According to an analysis by the Tax Policy Center, the Jeb Bush tax cut "plan" would yield a static revenue loss of $6.8 trillion over ten years. However, refining the estimate to include feedback effects and annual interest costs raises, rather than lowers, the projected effect on national debt - to $8.1 trillion over 10 years and $22 trillion over twenty years. This reflects that, absent very large spending cuts that have not been specified by the Bush campaign, there would both be huge interest costs from the higher annual deficits, and fiscal drag from the increased public debt overhang. This would apparently outweigh, in the estimate, the dynamic effects of lowering current-year tax burdens on work and saving.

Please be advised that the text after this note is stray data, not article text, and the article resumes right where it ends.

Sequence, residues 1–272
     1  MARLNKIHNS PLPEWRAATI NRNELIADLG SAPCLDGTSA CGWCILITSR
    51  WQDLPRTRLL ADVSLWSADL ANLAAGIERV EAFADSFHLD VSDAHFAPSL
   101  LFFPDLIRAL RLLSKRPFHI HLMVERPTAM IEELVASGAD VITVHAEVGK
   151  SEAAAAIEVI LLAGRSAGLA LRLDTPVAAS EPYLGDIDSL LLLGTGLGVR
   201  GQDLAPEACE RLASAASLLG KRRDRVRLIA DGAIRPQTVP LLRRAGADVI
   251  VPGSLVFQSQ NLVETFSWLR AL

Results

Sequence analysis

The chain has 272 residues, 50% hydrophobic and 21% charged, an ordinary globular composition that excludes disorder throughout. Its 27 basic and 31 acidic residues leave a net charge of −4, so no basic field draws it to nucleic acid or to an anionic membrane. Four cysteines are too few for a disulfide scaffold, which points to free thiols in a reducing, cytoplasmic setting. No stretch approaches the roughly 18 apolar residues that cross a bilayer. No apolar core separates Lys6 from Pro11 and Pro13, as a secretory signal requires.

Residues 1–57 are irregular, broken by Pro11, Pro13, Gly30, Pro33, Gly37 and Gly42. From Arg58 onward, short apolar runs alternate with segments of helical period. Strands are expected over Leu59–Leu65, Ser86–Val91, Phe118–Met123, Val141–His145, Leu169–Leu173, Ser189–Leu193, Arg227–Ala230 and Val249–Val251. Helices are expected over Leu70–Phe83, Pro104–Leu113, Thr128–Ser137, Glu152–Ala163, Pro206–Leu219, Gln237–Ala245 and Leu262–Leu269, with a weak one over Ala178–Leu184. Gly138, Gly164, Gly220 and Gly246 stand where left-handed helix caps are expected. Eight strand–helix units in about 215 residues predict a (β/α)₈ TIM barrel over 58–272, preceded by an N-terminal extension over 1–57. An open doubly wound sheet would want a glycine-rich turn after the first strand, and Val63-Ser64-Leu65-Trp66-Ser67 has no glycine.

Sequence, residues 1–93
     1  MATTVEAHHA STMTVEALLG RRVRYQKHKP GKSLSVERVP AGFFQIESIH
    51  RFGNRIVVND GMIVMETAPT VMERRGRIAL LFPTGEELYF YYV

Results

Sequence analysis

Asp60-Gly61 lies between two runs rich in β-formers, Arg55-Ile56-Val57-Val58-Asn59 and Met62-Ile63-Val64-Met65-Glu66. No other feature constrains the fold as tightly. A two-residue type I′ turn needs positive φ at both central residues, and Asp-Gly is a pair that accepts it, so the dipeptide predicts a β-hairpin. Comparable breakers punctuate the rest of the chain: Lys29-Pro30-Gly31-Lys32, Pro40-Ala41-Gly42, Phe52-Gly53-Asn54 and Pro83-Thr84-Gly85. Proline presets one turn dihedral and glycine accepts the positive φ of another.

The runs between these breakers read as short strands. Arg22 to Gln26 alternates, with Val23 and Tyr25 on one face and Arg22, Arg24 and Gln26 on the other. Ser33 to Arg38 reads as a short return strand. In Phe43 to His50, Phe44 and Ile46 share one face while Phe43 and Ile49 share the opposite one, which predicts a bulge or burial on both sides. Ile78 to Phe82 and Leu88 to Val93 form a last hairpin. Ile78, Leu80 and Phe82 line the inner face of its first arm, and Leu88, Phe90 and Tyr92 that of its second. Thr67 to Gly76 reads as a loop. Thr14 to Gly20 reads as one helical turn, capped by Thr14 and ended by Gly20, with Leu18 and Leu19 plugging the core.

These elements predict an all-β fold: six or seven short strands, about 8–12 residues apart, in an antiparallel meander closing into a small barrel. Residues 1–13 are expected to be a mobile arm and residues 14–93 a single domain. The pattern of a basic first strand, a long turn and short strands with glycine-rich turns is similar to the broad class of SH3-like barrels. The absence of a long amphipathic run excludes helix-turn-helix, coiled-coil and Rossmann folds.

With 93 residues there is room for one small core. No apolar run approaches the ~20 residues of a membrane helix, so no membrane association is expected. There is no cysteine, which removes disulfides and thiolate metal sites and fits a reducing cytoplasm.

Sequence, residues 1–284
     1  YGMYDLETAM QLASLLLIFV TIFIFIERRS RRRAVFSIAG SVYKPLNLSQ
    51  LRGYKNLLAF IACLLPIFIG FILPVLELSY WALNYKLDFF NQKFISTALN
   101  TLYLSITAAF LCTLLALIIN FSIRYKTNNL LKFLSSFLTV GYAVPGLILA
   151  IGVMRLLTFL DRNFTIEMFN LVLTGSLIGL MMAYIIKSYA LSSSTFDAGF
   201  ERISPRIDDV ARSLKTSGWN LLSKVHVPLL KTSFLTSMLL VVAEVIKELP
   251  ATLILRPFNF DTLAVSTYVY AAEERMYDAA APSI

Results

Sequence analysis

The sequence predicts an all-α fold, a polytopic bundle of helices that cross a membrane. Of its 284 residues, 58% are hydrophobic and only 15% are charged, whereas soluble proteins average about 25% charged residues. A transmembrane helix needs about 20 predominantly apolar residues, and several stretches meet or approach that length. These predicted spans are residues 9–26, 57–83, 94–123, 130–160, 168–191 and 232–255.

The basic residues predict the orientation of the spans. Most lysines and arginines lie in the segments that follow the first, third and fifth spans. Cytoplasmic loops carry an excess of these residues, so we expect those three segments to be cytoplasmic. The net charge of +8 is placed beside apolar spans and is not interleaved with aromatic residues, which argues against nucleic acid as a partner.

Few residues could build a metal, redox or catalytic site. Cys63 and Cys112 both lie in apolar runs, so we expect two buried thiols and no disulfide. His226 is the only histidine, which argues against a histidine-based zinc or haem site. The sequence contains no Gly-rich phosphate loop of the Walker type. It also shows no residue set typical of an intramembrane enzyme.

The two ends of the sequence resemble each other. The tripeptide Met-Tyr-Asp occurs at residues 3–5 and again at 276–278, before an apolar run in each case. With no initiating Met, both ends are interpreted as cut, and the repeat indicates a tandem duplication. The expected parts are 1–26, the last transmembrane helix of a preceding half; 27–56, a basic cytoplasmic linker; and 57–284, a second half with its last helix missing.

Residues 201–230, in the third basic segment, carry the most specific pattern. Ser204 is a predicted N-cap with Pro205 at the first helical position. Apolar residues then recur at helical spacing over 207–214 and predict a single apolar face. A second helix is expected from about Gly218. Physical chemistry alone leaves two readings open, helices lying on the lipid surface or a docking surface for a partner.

Obviously, who cares about the Bush tax plan as such as this point. It's not as if the poor guy actually has any sort of a chance to win any elected office higher than dogcatcher. But given that all other Republican candidates are essentially offering larger versions of the same thing, this is indirectly relevant. It suggests that, if a Republican wins the presidential 2016 election (and retains control of both the House and Senate, as one would expect), there will be a high likelihood of the U.S. budget's going down the path of Kansas, or perhaps even Greece.